CD QuestionWe've recently been getting some questions about what the story is with Collective Detective? I thought it might be a good idea to write a post about how we're set-up and operate because:

  • People were asking: Our accountant, people from high school tracking me down, Mom, etc.
  • We haven't posted an update in awhile
  • We're about to make our annual pilgrimage to SXSW where we'll be telling our tale. However, many of these people will have had many drinks and/or have talked to many other people, so we thought it best to have a refresher post ready when they wonder how our cards wound up in their pocket and looked us up.
  • There are others out there who operate in a similar capacity or are thinking about it. You're not alone!

It's a Micro-What?

Collective Detective is what is best described as a "micro-business." We develop creative projects on the side. A few month's ago, Jason Calacanis, CEO of Mahalo, did a pretty good summary of what exactly this is in an email called "The Future of Startups." He used the term "micro-startup," but we prefer "micro-business." "Startup" is sometimes an abused and trendy buzzword like "beta." We've got a plan around being profitable with our projects quickly and have long-term goals and vision. We're not looking to build something to offload for a quick payday or build something with no idea how to monetize it.

Anyway, the whole email is a very good read, but here's the summary I'm referring to:

The zero cost startup has led to the age of the "microstartup." It’s no longer two folks in a garage hoping to build a prototype in order to land a huge VC round, then getting millions of dollars to build out an office. Microstartups are sustainable from prototype to launch and on to a core user base, all for around $5-10,000 in costs.

That's us in a nutshell. Some people buy an old beat-up Ford Mustang to work on in the garage on nights and weekends. For us, new ideas are the cars in the garage we enjoy working on.

Cash or Umm…Cash?

cashWe're self-funded. We put money into the business account and have a 1-to-N prioritized budget. The money covers reoccurring expenses and accumulates for known future expenses. If the money isn't there, that next item or task waits until it is — simple as that.

We're a small team. Coding, graphics, wire framing, paperwork, contracts, business strategy, etc. are all currently managed by two people. We have careers, so we work nights and weekends on our projects. We have a lawyer, an accountant and a few people advising us. As you can imagine, this keeps us pretty stretched resource-wise, so a long development cycle is something we've had to be content with. We're nimble and can quickly adjust, but we're not yet that fast.

Patience Helps

Collectivus, our current project, has been worked on for years in some way, shape or form, but it was only around a year ago when the concept was really dusted off and reworked into what we now refer to as the "manifesto." It's a detailed plan of the entire vision.

patienceA few months ago, we started making planning choices of what to break off from the manifesto in order to create a scope of work that would be the initial release and could be executed against without external funding. This is another important tip regardless of your project size and resources: No matter how passionate you are about aspects of your project, you need to be merciless about what to cut and where to prioritize. You want to release as fast as you can and iterate on that; building some monolithic app up-front is a bad idea. Of course "fast" is relative, especially in our case. It's not easy and you sometimes need to recognize you're too close to it and seek outside perspective to get back on track.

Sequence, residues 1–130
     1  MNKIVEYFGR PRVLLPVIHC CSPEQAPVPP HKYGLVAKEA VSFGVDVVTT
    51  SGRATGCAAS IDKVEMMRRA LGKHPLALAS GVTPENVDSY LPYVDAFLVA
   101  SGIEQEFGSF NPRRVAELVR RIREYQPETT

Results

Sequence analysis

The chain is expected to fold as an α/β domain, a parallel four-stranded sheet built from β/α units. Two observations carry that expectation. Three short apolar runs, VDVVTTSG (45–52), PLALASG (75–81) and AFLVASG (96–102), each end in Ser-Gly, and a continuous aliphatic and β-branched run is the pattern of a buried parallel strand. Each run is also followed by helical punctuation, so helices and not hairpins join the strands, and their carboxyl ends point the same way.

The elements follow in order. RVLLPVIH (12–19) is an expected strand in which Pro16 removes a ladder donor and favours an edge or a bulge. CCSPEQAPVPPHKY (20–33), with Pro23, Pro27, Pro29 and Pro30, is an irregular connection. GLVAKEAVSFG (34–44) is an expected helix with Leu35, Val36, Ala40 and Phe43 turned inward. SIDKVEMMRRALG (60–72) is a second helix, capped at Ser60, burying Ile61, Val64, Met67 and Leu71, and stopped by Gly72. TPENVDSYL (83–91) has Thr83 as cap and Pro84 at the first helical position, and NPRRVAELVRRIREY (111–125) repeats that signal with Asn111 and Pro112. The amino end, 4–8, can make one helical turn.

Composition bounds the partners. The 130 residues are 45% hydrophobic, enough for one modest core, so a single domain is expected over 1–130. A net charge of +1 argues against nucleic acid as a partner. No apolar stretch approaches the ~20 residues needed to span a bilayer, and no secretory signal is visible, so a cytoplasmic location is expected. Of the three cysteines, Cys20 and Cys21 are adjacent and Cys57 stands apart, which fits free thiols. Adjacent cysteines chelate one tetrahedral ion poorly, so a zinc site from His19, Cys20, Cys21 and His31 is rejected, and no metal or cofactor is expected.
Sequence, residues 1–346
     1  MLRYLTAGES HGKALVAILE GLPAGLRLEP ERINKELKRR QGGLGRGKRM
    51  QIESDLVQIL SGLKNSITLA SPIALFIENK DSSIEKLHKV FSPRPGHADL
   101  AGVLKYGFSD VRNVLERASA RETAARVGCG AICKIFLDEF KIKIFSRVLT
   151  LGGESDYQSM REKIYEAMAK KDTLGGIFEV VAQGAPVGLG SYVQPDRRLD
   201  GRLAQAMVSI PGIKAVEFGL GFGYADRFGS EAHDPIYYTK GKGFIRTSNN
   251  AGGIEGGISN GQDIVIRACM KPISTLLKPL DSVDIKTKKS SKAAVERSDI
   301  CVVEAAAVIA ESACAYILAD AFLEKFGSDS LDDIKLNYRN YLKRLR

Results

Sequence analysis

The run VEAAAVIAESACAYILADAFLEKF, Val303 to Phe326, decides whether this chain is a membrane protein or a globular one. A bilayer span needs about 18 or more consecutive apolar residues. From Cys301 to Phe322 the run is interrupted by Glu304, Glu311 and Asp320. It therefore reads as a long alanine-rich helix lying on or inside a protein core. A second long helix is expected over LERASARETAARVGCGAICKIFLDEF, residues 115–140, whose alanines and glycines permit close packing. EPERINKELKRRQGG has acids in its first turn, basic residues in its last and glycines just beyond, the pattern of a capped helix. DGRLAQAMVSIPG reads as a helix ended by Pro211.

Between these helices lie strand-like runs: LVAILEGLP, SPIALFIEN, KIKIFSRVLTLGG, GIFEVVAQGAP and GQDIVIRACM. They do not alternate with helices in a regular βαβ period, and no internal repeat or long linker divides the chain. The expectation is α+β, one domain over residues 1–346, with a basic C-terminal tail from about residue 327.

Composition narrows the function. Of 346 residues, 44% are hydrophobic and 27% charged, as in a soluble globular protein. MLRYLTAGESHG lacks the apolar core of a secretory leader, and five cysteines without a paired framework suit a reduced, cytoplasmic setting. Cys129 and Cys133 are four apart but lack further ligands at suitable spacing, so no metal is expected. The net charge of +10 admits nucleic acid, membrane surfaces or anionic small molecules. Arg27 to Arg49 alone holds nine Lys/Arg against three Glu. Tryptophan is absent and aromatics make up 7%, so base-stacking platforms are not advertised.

It's Not (Just) About the Money

So I guess the last piece of useful information (if you've found any of this useful) is an explanation of why we've chosen this path. We certainly have enough industry know-how, connections, and experience to have pursued VC or angel funding, even before the economy went belly-up; we're bootstrapping on purpose.


A few reasons:

  • First is vision. we have a very specific vision and when someone's giving you a check, you're giving them control. The value of that control is very lopsided if you don't have a product building value through growing usage, brand-recognition, and revenue. We're not against outside money when the time or need is right, but right now, we can get by without.
  • Second is passion. It's great that people "in the know" are excited to hear about Collectivus and frustrating sometimes that progress on it isn't faster, but if this project was being driven by a need to get it to market before the grocery money ran out, it wouldn't be as good.
  • Third is harder to explain. We're not building you're typical web application, it's something else. That "something else" quite frankly would have added layers of writing extraneous proposals and plans. We'd rather spend the time just building it and showing you what we mean.
  • Last is life. Sometimes you need to put the code down and walk around in the sunshine. We see too many people who are consumed by the start-up lifestyle: All work and never coming up for air. I was that guy in a past life. It doesn't make us any less passionate about our work when we take a weekend off to go to New York. If someone's funding us, our work ethics wouldn't let us rest until that ROI was achieved.

I hope you've found this informative. We're not a typical business, but where's the adventure in being typical?